AR-News: The lunatic you work for
wolfcrest at hotmail.com
Tue May 11 17:52:08 EDT 2004
This is interesting, in several letters on animal exploiters (hunters,
trappers, hog farmers) I have pointed out that their lack of empathy, etc.
fits the psychopathy profile and have even argued that as a species,
espescially in relation to the other species on the planet, the human race
is a collective psychopath. If ravens are known as tricksters to us, the
human species would be known as the psychopaths of the animal world to the
friendly aliens watching us. Now, this documentary film compares the
corporation to a psychopath. Does it go far enough?
At one point, he and his wife greet protesters camped on the front lawn of
their English cottage with offers of a cup of tea and apologies for the lack
of soya milk for the vegans among them.
The lunatic you work for
May 6th 2004
>From The Economist print edition
If the corporation were a person, would that person be a psychopath?
TO THE anti-globalisers, the corporation is a devilish instrument of
environmental destruction, class oppression and imperial conquest. But is it
also pathologically insane? That is the provocative conclusion of an
award-winning documentary film, called The Corporation, coming soon to a
cinema near you. People on both sides of the globalisation debate should pay
attention. Unlike much of the soggy thinking peddled by too many
anti-globalisers, The Corporation is a surprisingly rational and coherent
attack on capitalism's most important institution.
It begins with a potted history of the company's legal form in America,
noting the key 19th-century legal innovation that led to treating companies
as persons under law. By bestowing on them the rights and protections that
people enjoy, this legal innovation gave the company the freedom to
flourish. So if the corporation is a person, ask the film's three Canadian
co-creators, Mark Achbar, Joel Bakan and Jennifer Abbott, what sort of
person is it?
The answer, elicited over two-and-a-half hours of interviews with left-wing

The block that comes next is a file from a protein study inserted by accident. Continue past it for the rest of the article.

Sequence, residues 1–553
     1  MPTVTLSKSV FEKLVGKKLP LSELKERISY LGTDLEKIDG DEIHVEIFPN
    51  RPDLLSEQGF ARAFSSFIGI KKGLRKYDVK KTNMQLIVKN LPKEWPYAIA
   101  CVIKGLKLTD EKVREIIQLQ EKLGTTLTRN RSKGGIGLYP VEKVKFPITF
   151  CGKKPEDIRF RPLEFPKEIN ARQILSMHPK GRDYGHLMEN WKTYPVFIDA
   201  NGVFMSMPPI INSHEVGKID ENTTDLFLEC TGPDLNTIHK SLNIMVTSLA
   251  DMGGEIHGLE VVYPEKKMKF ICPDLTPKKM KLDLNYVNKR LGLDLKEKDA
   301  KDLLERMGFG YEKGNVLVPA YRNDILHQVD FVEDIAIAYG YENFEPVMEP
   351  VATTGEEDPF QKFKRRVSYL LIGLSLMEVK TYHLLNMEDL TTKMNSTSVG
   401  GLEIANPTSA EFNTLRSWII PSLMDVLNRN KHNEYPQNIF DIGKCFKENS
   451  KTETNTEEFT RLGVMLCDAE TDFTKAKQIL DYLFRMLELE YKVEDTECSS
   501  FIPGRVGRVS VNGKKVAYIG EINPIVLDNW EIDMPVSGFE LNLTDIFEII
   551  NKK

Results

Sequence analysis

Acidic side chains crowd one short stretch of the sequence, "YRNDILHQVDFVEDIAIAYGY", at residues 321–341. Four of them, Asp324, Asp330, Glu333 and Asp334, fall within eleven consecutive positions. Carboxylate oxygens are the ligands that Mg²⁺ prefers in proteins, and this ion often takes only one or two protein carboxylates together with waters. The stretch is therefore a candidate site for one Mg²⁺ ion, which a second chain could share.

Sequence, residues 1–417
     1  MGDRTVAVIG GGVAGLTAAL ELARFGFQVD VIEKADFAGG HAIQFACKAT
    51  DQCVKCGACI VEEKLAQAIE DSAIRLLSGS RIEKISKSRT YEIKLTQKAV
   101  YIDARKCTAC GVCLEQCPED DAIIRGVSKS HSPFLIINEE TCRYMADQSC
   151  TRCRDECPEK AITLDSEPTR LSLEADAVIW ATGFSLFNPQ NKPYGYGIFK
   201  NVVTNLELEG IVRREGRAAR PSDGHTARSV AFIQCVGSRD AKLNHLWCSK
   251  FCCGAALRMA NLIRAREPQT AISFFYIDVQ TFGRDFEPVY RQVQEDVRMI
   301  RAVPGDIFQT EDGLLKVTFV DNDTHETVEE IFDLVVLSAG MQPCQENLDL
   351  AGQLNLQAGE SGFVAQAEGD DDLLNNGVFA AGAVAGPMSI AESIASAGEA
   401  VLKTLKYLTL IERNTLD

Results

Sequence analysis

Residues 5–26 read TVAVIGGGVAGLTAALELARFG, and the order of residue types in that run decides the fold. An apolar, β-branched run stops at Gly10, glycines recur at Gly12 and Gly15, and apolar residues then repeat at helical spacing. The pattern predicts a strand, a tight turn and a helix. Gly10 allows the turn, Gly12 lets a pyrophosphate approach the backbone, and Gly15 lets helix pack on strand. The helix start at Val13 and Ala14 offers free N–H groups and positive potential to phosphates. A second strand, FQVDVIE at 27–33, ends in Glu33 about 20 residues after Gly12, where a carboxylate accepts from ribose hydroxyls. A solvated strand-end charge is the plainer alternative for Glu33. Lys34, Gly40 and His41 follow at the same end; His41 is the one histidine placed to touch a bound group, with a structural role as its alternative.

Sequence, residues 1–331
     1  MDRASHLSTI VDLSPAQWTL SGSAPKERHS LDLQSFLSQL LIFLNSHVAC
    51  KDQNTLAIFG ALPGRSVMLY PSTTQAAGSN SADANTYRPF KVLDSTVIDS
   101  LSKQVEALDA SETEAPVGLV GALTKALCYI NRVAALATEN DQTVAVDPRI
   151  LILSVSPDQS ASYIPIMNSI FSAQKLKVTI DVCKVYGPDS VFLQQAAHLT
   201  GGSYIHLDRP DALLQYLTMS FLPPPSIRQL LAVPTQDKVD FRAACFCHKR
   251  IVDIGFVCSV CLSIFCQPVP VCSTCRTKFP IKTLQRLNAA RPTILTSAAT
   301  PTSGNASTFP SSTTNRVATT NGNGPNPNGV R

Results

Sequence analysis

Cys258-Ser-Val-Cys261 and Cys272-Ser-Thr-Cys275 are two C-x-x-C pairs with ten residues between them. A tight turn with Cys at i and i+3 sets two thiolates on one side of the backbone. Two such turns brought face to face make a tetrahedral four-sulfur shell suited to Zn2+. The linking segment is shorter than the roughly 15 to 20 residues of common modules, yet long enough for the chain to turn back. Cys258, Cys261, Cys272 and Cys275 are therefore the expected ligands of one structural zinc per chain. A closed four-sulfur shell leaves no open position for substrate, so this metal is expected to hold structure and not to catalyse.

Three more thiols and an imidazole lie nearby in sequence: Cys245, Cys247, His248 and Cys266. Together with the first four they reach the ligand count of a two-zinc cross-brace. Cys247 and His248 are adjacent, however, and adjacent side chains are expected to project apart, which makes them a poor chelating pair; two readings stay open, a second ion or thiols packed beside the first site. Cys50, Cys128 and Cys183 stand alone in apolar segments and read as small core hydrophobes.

intellectuals, right-wing captains of industry, economists, psychologists
and philosophers, is that the corporation is a psychopath. Like all
psychopaths, the firm is singularly self-interested: its purpose is to
create wealth for its shareholders. And, like all psychopaths, the firm is
irresponsible, because it puts others at risk to satisfy its
profit-maximising goal, harming employees and customers, and damaging the
environment. The corporation manipulates everything. It is grandiose, always
insisting that it is the best, or number one. It has no empathy, refuses to
accept responsibility for its actions and feels no remorse. It relates to
others only superficially, via make-believe versions of itself manufactured
by public-relations consultants and marketing men. In short, if the metaphor
of the firm as person is a valid one, then the corporation is clinically
There is a tendency among anti-globalisers to demonise captains of industry.
But according to The Corporation, the problem with companies does not lie
with the people who run them. Sir Mark Moody-Stuart, a former boss of Shell,
comes across in the film as a sympathetic and human character. At one point,
he and his wife greet protesters camped on the front lawn of their English
cottage with offers of a cup of tea and apologies for the lack of soya milk
for the vegans among them.
"Just remember it's the birds that's supposed to suffer, not the hunter."
George W. Bush, advising quail hunter and New Mexico Sen. Pete Domenici,
Roswell, N.M., Jan. 22, 2004
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